Arriving in Rogers Park at the beginning of the summer, redshirt junior guard Jalon Pipkins is quickly transitioning to life at Loyola — and figures to be a major contributor for the men’s basketball team in 2019-20.
A junior college transfer, Pipkins, or “Pip” as the team calls him, joins the Ramblers after a single season as an impact player at Paris Community College in Paris, Texas. He showcased his athleticism at Loyola’s final summer practice of 2019 as he threw down multiple rim-rattling dunks and soared high above his teammates to grab both offensive and defensive rebounds.
As he transitions back to Division I — he played sparingly for California State University, Northridge in 2017-18 — Pipkins is now ready for success on the big stage, according to assistant coach Drew Valentine.
“[Pipkins] provides us with shooting, length, athleticism and speed,” Valentine said. “I think he’s a physical specimen, and he can provide us with an older guard who’s physically ready to play from day one.”
A recruiting discovery by Valentine, Pipkins is a rangy 6-foot-4 guard who brings elite athleticism to the guard position for the Ramblers. In this lone season at Paris he was the Dragons’ leading scorer, averaging 21.4 points per game while shooting 46 percent from the field.
Pipkins caught the eye of the third-year assistant after he found highlights of him on Twitter. Valentine said after some research into him, he knew he had a potential player on his hands and rushed to see him play in Texas.
“One of the big ways that all coaches watch players now is through social media,” Valentine said. “Through the video equipment called Synergy I saw something about Jalon, and I looked up his stats online and his stats were of course really good so I was like ‘wow.’”
Showcasing the crazy life of an assistant college basketball coach in the process, Valentine rushed to Texas to see Pipkins play. Flying to Texas on Saturday, Feb. 16, he then drove two hours to Tyler, Texas for his team’s matchup against Tyler Community College.
This sharp turnaround left him with a major time crunch to get back to Chicago for the Ramblers’ crucial Sunday matchup against Missouri State Feb. 17. Even with the lack of time he faced, Valentine said Pipkins’ career-high 34-point performance made the trip well worth everything he underwent.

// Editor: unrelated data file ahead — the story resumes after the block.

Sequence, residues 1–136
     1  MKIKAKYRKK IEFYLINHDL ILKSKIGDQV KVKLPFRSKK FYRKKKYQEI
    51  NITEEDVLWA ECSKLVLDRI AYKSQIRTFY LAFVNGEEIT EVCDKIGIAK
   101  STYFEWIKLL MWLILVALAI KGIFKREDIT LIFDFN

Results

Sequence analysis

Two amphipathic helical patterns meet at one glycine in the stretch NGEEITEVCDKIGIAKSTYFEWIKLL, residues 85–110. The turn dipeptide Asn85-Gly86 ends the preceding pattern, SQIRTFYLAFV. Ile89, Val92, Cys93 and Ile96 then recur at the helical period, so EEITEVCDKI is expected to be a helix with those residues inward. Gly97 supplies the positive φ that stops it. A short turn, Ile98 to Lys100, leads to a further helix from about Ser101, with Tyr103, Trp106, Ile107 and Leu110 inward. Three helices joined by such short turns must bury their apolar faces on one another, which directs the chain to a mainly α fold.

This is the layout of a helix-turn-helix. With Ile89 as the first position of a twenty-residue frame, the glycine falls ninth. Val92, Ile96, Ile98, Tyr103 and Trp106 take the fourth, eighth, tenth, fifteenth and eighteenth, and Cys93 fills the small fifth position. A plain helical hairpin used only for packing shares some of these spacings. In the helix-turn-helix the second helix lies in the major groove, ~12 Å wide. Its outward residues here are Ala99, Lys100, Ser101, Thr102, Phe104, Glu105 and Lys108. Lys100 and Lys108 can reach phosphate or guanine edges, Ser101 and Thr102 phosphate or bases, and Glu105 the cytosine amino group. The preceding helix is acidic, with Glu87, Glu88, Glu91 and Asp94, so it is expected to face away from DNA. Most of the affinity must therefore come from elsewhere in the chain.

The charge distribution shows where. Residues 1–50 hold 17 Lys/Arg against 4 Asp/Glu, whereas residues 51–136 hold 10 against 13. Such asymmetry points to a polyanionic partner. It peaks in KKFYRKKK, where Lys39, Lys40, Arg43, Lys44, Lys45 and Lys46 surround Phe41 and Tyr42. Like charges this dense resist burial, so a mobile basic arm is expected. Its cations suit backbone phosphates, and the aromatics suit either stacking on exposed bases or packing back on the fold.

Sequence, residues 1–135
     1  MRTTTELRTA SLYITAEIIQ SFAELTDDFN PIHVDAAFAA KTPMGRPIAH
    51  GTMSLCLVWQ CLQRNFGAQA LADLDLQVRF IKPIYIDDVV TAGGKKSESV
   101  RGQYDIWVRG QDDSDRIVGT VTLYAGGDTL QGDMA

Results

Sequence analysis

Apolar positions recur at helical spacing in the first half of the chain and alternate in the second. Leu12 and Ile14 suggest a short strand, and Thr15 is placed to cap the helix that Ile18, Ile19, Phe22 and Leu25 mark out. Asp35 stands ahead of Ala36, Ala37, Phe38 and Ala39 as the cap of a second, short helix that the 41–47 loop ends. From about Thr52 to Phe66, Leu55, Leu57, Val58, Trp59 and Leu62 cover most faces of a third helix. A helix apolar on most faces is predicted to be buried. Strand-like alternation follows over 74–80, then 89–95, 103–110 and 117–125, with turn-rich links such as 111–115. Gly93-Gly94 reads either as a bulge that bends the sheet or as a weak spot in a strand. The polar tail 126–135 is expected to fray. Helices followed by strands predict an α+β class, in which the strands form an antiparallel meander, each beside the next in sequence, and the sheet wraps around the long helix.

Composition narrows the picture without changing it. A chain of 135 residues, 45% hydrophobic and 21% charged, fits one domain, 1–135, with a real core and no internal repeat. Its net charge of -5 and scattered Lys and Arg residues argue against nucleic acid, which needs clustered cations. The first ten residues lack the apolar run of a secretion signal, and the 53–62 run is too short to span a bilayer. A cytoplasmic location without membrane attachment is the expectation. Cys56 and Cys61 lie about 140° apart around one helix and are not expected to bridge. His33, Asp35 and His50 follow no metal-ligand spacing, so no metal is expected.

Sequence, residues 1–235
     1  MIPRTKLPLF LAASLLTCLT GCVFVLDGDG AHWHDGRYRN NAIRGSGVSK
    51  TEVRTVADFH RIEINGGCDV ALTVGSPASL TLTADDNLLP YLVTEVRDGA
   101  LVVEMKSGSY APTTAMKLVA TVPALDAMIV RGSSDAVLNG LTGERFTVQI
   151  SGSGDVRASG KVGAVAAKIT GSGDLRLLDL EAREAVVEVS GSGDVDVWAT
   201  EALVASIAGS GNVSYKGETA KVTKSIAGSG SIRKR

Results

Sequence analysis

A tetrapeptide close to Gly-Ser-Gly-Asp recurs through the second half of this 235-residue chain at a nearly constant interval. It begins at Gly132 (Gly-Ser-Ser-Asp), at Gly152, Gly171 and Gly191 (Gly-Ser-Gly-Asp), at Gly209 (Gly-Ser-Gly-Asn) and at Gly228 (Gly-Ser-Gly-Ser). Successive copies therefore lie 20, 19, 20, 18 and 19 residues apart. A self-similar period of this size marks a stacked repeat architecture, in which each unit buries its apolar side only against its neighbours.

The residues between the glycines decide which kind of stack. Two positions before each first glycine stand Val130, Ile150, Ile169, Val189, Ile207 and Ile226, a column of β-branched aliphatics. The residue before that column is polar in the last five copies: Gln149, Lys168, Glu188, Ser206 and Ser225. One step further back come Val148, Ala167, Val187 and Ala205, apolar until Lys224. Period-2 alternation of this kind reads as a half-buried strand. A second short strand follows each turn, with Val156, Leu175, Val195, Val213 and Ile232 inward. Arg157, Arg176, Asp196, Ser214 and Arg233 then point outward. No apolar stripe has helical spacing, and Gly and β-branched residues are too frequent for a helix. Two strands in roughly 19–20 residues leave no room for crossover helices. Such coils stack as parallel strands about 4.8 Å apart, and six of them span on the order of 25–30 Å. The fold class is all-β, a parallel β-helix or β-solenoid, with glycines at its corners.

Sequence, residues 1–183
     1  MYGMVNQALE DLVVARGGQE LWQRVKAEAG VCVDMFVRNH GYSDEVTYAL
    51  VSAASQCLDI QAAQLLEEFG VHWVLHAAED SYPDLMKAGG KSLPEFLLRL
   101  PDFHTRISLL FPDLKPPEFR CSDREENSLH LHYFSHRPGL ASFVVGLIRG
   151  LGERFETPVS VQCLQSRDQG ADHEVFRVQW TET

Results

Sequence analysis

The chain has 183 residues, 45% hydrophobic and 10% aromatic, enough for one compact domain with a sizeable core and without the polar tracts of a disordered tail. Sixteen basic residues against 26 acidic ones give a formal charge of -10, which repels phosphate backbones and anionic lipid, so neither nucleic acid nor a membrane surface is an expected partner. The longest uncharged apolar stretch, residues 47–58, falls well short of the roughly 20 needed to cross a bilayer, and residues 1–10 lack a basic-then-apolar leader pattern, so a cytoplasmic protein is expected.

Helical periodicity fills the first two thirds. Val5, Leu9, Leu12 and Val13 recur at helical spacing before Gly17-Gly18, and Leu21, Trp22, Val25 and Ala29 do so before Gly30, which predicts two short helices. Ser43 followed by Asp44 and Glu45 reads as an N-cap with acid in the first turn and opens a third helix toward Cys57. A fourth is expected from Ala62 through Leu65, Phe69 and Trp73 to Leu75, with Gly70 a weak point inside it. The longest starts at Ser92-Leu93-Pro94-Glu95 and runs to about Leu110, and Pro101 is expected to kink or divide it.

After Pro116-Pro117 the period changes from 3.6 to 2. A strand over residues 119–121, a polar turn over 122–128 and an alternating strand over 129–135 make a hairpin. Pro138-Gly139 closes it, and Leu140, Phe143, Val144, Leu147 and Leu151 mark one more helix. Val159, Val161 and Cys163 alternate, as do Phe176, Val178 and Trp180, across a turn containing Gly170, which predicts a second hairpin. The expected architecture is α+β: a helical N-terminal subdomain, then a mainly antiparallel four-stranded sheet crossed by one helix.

“I had just a two-hour window where I could watch him play and talk to him,” Valentine said. “I was just amazed by his competition level and how tough he was [because] every time his team needed him to step up he stepped to the plate.”
Pipkins’ performances continued to draw eyes of programs from around the country, as he continued to put up big numbers game after game. Reaching double-digit points in all but one of his 30 appearances, his consistent strong play placed him on the First Team All-Region XIV — which is comprised of junior colleges from the South Eastern area of the United States.
After considering offers from other D-I programs including Texas State University and University of Louisiana-Monroe, Pipkins said he began to feel Loyola was the right spot for him. Despite this, the potential of Porter Moser leaving for St. John’s University left him waiting and wondering.
“I knew from the beginning that Coach Moser was a great coach and that when all the jobs started opening that everybodys’ gonna come after him,” Pipkins said. “I know it’s a business and I don’t know what I would’ve done but I’m glad he came back because he’s the reason I chose Loyola.”
Announcing his commitment to Loyola the same day as Moser’s announcement that he was staying at Loyola April 16, Pipkins now faced the task of replacing back-to-back Missouri Valley Conference Players of the Year Marques Townes and Clayton Custer — an undertaking Moser said he and his teammates have worked hard all summer to accomplish.
“We’ve got a number of new guys at the guard spots who’re gonna have a real opportunity and at this time of year I couldn’t tell you who it’s [going to] be I can just tell you I like the effort,” Moser said.
Pipkins said his transition to Loyola and approach to replacing graduates Townes and Custer has been difficult, but remained that he’s ready for serious success in his first season at Loyola.
“I’ve had my ups and downs,” Pipkins said. “I came in not really knowing and not putting emphasis on the little things like defense and coach right away got on my tail and made me know of all the mistakes I was making.”
Pipkins said he remained confident he’s ready for serious success in his first season at Loyola and can’t wait to “bring a show” to Gentile Arena with his athleticism and scoring.
“I’m trying to bring a show that we’ve never had here,” Pipkins said. “I think I’m bringing a new flavor with the athleticism, and I’m just trying to bring it back to where we were two years ago so that’s what I’m trying to do here.”